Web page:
SALT LAKE CITY — A Provo-based video-on-demand service has stopped its video streaming amid a copyright violations lawsuit.
A federal judge in California ruled Dec. 12 that while the lawsuit against VidAngel is pending, the company must stop streaming.
VidAngel is appealing that preliminary injunction and asked a judge to allow streaming to continue in the meantime. U.S. District Judge Andre Birotte declined to do so Thursday, and VidAngel announced it removed all movies from its service.
VidAngel allows customers to edit videos to remove content such as violence and sex.
VidAngel CEO Neal Harmon says the company is asking the 9th Circuit Court of Appeals to step in.
"We submitted an emergency appeal to the 9th Circuit Court and the 9th Circuit has ordered Disney and crew to respond to our appeal by Monday and then we get the chance to respond to their arguments on Tuesday," he said. "We hope the 9th Circuit will rule very soon thereafter."
Harmon said if the 9th Circuit Court rules in favor of VidAngel, the company expects the filtered video service to return by Jan. 12.
VidAngel will also begin streaming independent licensed films in the coming days while the court makes its decision. Some of the content will include a behind-the-scenes documentary of VidAngel's litigation, as well as a family-friendly stand-up comedy live show.
While the company has its battles, some of its users are also feeling the effects of VidAngel pulling its filtered videos.
Mike Wood, a Spanish Fork resident, said he called the company looking to refund a gift card he received to watch filtered videos he can no longer access. Wood, who said he has been pleased with VidAngel's product in the past, said the company told him the gift card will not expire, but would not give the refund.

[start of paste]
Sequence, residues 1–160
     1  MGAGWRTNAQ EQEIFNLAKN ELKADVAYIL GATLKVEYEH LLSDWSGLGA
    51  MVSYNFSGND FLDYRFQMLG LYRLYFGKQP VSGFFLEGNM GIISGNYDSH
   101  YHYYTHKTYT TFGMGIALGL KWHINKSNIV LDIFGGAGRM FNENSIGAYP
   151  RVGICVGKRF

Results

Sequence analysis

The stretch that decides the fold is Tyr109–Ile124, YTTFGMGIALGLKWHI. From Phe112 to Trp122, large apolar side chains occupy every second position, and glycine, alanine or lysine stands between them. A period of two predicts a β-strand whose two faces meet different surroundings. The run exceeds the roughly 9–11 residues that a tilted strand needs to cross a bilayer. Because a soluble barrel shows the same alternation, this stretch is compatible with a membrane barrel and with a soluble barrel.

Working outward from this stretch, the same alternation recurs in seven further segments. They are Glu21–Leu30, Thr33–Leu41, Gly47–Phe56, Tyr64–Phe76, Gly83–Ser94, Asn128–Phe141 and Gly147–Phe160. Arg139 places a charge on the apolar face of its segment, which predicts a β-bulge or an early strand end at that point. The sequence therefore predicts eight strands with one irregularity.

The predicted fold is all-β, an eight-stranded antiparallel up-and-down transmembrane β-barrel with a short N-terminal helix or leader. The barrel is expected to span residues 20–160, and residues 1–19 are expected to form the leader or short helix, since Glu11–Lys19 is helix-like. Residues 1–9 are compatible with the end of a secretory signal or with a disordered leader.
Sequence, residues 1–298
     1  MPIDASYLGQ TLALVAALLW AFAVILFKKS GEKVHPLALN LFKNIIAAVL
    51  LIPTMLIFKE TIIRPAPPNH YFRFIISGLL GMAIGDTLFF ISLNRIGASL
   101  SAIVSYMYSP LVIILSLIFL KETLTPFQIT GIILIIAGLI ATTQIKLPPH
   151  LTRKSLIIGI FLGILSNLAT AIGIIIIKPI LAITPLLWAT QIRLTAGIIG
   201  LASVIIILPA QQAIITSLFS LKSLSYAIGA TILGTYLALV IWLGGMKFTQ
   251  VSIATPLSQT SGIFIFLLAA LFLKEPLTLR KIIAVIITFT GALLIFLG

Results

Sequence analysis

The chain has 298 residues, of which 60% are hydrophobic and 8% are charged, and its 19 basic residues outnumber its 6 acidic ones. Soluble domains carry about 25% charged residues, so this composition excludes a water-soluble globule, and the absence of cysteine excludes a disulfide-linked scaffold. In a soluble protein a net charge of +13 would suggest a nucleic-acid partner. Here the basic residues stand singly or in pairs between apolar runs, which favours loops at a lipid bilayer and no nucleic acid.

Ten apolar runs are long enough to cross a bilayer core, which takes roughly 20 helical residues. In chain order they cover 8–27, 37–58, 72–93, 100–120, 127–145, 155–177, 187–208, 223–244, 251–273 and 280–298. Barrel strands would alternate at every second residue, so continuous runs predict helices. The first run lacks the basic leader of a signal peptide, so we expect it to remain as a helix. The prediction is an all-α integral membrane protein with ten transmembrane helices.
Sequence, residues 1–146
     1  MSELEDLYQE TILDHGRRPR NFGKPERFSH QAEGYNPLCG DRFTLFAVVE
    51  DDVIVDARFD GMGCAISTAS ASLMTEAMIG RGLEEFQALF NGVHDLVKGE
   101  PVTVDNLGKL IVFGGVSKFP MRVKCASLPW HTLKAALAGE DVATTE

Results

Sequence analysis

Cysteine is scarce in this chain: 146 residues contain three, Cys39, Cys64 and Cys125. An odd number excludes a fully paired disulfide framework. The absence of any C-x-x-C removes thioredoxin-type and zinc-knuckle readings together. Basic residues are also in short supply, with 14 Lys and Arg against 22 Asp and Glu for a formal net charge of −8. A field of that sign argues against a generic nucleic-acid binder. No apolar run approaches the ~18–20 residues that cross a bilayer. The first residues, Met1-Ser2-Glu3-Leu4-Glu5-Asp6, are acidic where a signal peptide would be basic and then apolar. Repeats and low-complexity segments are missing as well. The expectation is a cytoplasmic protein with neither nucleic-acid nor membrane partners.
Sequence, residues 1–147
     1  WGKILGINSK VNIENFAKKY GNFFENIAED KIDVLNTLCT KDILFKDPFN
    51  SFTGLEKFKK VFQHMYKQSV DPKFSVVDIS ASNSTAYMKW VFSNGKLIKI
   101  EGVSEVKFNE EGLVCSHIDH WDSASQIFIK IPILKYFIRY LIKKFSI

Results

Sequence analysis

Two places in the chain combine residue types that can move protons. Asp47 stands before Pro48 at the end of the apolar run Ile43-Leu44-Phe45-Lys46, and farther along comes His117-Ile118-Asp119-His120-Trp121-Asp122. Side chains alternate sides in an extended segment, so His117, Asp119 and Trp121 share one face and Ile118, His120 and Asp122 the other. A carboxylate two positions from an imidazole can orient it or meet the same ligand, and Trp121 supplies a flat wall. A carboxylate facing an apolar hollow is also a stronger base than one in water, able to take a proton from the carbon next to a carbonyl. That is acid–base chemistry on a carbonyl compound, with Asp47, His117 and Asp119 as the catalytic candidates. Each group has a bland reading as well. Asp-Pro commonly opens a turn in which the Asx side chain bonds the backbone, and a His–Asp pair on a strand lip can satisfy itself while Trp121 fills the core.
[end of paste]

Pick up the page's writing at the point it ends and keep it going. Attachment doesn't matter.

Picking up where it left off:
"They should not have been selling these gift cards if they knew the probability was going to be that the people weren't going to be able to use any of the credits," he said.
VidAngel, he said, did not even warn when the filtered videos would be unavailable.
"They didn't send out any emails or nothing was posted on their website that this was going to happen or when it'd happen," Wood said. "I think everyone pretty much knew it was going to happen based on the ruling that came down a couple of weeks ago, but there was nothing as to when that was going to happen."
Harmon said the company will address situations such as gift card refunds once the 9th Circuit Court makes its ruling. However, if the court sides against VidAngel, Harmon said the company would look to refunding gift cards.
"If we're not able to get our movies back up for some reason, then we're going to take care of our customers," he said. "If a customer needs to have a refund, they can't access the content for a gift card, then of course we'll take care of them."
Harmon said most customers have been understanding of the process and are waiting for the court battle to conclude.
"This has been a terrible blow for the hundreds and thousands of families in America who were looking forward to watching filtered content on New Year's Eve," he said.
Disney, Twentieth Century Fox, Lucasfilm and Warner Bros. studios say in their lawsuit that VidAngel circumvents protection measures on DVDs and Blue-ray discs to make unauthorized copies and stream its content to its customers.
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